Finally I claim that the multi-semantic potential of the syntactic structure differentiates the computer from other machines and expression media and confers on it its far-reaching civilizing significance, just as this structure also guarantees that the medium always retains that form of unpredictability which holds good for speech, writing, arithmetic and pictorial art. Although it is possible to describe the properties of these symbolic media and describe certain restrictions on the type of knowledge which can be expressed through them, it is impossible to predict the knowledge content expressed. Unlike other mechanical media it is true of the computer, as also previously mentioned, that there is no invariant borderline between the knowledge which is included in the functional architecture of the medium and the knowledge which can be expressed.
In the penultimate chapter there is a more detailed description of the informational sign system compared to James H. Fetzer's Peirce-inspired description of the computational process as a formal symbol process, characterized by the absence of the referential and interpretational functions in Peirce's sign concept and Peter Bøgh Andersen's Hjelmslev-inspired theory of computer-based signs.
With regard to Fetzer's theory, which was formulated in opposition to the classic AI concept, the central objection is that with his acceptance of Newell and Simon's symbol definition as an adequate definition of the computational processes (but not of the semiotic) he has in fact excluded a semiotic understanding of the computer medium.
Where Fetzer's theory is formulated in opposition to consciousness-theoretical elements in the classical AI concept, but not with the idea of the computer as an autonomous symbol machine, Bøgh Andersen's theory is formulated as a contribution to the development of new areas of application (e.g. "narrative systems") based on a semiotic analysis, as he takes his point of departure in the interaction between the programmer, the machine and its user. Although the latter work was an important source of inspiration for the present work, the emphasis has been placed on differences and deviations.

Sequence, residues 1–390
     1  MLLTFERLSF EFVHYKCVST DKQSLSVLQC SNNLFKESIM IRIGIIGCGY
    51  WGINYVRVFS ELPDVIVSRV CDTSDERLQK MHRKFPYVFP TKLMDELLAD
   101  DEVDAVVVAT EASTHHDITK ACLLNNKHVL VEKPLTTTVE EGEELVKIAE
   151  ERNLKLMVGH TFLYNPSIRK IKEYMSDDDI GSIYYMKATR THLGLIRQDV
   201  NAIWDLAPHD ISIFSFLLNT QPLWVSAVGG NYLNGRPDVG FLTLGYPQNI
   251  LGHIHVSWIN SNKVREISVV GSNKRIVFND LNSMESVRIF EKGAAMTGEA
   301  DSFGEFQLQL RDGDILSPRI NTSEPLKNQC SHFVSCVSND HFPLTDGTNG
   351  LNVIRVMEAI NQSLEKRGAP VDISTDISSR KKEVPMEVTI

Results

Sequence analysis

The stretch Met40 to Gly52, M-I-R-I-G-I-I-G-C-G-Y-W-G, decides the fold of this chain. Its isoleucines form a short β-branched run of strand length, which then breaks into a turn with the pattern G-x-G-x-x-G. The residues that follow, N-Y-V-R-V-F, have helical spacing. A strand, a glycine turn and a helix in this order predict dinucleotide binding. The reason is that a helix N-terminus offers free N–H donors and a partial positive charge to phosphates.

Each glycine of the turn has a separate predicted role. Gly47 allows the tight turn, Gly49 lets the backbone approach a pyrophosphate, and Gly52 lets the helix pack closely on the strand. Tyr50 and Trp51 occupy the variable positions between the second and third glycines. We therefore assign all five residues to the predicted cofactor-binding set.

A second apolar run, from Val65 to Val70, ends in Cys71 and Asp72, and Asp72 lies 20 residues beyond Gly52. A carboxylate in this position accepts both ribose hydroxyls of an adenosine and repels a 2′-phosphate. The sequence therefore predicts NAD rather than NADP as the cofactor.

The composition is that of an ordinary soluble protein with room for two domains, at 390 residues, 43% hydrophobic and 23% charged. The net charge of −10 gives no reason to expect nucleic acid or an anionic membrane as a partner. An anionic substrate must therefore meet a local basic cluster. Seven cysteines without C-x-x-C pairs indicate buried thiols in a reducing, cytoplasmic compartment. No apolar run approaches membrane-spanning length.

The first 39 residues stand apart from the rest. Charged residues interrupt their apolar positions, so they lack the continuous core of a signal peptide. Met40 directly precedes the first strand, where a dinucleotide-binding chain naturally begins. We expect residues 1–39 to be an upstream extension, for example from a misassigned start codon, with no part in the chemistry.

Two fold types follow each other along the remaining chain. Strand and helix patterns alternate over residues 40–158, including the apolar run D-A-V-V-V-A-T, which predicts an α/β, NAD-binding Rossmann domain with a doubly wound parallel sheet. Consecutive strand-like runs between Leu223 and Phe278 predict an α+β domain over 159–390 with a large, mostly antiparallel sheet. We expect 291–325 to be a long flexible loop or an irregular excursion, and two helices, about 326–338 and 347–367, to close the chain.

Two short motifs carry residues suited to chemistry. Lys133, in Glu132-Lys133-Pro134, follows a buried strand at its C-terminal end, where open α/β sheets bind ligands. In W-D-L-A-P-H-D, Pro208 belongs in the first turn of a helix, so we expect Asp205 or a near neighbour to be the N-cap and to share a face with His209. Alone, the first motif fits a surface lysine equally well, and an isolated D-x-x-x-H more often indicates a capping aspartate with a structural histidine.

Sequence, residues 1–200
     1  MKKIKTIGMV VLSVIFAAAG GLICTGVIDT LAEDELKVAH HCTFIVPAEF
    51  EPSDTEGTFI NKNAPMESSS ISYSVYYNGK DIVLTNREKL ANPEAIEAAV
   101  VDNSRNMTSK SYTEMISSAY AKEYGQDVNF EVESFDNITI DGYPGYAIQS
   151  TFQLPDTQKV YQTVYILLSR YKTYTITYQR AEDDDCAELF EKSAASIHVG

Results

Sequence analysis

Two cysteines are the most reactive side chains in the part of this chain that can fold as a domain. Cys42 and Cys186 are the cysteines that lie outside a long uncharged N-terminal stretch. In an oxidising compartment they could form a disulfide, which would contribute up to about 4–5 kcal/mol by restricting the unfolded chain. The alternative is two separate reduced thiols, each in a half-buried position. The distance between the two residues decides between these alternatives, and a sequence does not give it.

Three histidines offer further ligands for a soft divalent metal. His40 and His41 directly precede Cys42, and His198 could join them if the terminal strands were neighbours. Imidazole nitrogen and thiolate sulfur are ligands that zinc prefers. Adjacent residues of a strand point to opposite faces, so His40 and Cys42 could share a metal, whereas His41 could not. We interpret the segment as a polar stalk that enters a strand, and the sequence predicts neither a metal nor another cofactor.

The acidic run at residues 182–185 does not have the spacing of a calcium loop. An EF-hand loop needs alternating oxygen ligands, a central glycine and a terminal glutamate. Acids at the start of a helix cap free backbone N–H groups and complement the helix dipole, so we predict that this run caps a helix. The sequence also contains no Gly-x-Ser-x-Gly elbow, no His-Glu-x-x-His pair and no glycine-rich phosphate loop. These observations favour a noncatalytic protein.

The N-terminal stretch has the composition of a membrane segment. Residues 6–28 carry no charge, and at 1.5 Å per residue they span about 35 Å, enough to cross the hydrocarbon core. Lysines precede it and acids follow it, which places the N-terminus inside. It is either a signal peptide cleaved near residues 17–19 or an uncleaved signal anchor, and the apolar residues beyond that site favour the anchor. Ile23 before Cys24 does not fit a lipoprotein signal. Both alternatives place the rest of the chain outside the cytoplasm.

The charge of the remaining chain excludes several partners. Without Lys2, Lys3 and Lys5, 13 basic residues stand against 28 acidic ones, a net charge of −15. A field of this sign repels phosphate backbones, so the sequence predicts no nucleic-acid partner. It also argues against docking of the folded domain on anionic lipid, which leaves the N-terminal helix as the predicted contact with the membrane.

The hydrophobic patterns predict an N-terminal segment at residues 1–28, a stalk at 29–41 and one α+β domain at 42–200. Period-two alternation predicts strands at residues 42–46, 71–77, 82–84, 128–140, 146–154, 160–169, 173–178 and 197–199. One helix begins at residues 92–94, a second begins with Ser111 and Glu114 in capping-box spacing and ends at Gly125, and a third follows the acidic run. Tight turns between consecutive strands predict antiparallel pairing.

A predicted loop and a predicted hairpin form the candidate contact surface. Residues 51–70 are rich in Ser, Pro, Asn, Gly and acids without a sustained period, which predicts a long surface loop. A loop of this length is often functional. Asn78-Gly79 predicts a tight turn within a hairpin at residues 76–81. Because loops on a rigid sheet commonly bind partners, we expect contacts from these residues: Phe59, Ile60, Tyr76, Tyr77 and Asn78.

In relationship to the description provided here, the most important divergence is that Bøgh Andersen (with reference to the linguistic definition of the expression form as the perceptible expression) assumes that the computer-based sign can be described at the interface level, while the underlying processes are regarded as expression substance or sign candidates which can be utilized in sign production. While this emphasis contributes to the development and analysis of the visually expressed semantic potentialities, it also creates an obstacle to the utilization of the non-visually expressed aspect of the informational sign.
The theoretical criticism of this definition of the borderline between sign and non-sign is based on the fact that the borderline between "system" and "interface" itself is manifested as a result of sign work, namely the programmer's. As the programmer, who creates the system and selects an interface, is himself a user and any sufficiently competent user can also take the programmer's place and alter the programme, the entire existing system must be regarded as part of the informational sign. The relationship between the programmer and the user must correspondingly be regarded as a relationship between several different - and always at least two - semantic relationships - for the same expression form and this expression form is, unlike other familiar symbolic languages, not defined by the demand for perceptibility, but by the demand for mechanical execution.
Notes, chapter 1